In the Finnish city of Lahti, the doctor’s prescription might surprise you.
Barefoot forest walks, gardening and foraging for your dinner are all ways of taking care of residents’ health.
This summer (2022), the city of Lahti invited a group of locals to try a planetary health plan to see if making greener choices could also be good for their health.
In June (2022), five locals received personalised health plans created by Finland’s first Planetary Health Physician Dr Hanna Haveri and followed her recommendations for two months.
Their carbon emissions and overall health were mapped before and after the experiment.
The city, known for its green credentials, is carrying out a long-term study into the effects of planetary health, and the summer’s experiment was aimed at raising awareness for the health benefits of an environmentally-conscious lifestyle and to inspire locals to make better choices for the planet and their health.
In planetary health, human health and the planet’s welfare are linked: taking care of one looks after the other.
Many environmental concerns have been linked to health issues; according to the World Health Organization (WHO), almost one in four deaths globally are linked to environmental conditions such as air pollution, climate and living conditions in cities.
Healthy and energised
The participants were all local residents from different age groups, from busy young professionals and families with children to retirees.
Health plans were tailored to each participant individually, containing recommendations for exercise, nutrition, relationship to nature and living environment.
The planetary prescriptions took a creative approach to health, for instance, participants were encouraged to replace dairy spreads and cheese by foraging wild herbs from local nature, strengthen their connection to nature through barefoot forest walks and creating wildflower meadows in their backyards.
Despite initial doubts, participants were impressed.
“Incorporating post-run barefoot forest walks into my exercise routine has been mind-blowing.
“I’m a performance-oriented person and this has helped me slow down and pay more attention to recovery,” says Markus Kontiainen, a 30-year-old Lahti resident who took part in the experiment.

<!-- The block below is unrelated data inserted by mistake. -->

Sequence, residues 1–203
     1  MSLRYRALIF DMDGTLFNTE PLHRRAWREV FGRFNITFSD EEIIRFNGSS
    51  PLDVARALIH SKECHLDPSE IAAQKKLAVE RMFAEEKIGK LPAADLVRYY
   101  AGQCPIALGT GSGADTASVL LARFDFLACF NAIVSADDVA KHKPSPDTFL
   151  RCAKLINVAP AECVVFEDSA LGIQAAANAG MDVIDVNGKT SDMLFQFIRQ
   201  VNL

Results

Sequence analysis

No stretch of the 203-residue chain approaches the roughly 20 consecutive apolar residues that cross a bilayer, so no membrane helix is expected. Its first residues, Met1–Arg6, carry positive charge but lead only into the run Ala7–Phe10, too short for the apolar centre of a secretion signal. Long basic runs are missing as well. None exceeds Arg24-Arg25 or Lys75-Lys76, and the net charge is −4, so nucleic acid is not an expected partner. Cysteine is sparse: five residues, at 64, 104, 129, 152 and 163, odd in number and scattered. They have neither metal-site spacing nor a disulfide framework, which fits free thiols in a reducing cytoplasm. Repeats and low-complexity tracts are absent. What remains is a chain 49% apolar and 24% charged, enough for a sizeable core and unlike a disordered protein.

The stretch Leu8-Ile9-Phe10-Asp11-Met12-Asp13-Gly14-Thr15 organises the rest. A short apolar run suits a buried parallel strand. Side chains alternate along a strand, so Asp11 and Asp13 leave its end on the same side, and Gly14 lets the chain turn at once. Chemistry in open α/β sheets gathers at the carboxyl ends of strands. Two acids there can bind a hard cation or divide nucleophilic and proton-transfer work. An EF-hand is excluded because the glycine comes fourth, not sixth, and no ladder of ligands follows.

After two months, Kontiainen, whose plan had a special focus on mindfulness and recovery, saw a 58% drop in his exhaustion levels.
Other participants saw various improvements in their well-being, e.g. Liisa Heino reduced her diabetes risk by 75%.
Raija Repo, a grandmother concerned for the planet’s future, made major changes in her diet by adding the amount of vegetarian food by 40% and replacing dairy products with locally-foraged wild herbs.
She saw a 35% drop in her carbon footprint.
Busy working mum Anna Hakala looked for family-friendly ways to be more sustainable and managed to increase both her daily exercise score and the use of vegetables, fruits and berries by 20%.
On average, the five participants saw a 17% decrease in their carbon footprint, a 16% increase in their overall well-being and a 36% drop in their exhaustion scores.
Green is health
The experiment was inspired by an ongoing 10-year initiative called Nature Step to Health in Lahti, which studies the long-term public health impact of a greener lifestyle.
As a pioneer in urban sustainability, the city was named the official European Green Capital 2021 by the European Commission.
It continues to promote a sustainable way of living that balances urbanity with nature.
“In the light of research, nature promotes recovery.
“Even short nature visits restore stress levels, lower cortisol and improves immune regulation.
“This is something that surprisingly many people do not think about,” says Dr Haveri.
Learnings from this summer’s experiment, along with planetary health advice from leading Finnish specialists, will be shared as a content series in Lahti’s channels on YouTube, Instagram and Facebook.
The experiment was carried out by the city of Lahti with Päijät-Häme Joint Authority for Health and Wellbeing, Terveystalo Oy, Osuuskauppa Hämeenmaa, Training Center Pajulahti and The Sport Institute of Finland Vierumäki.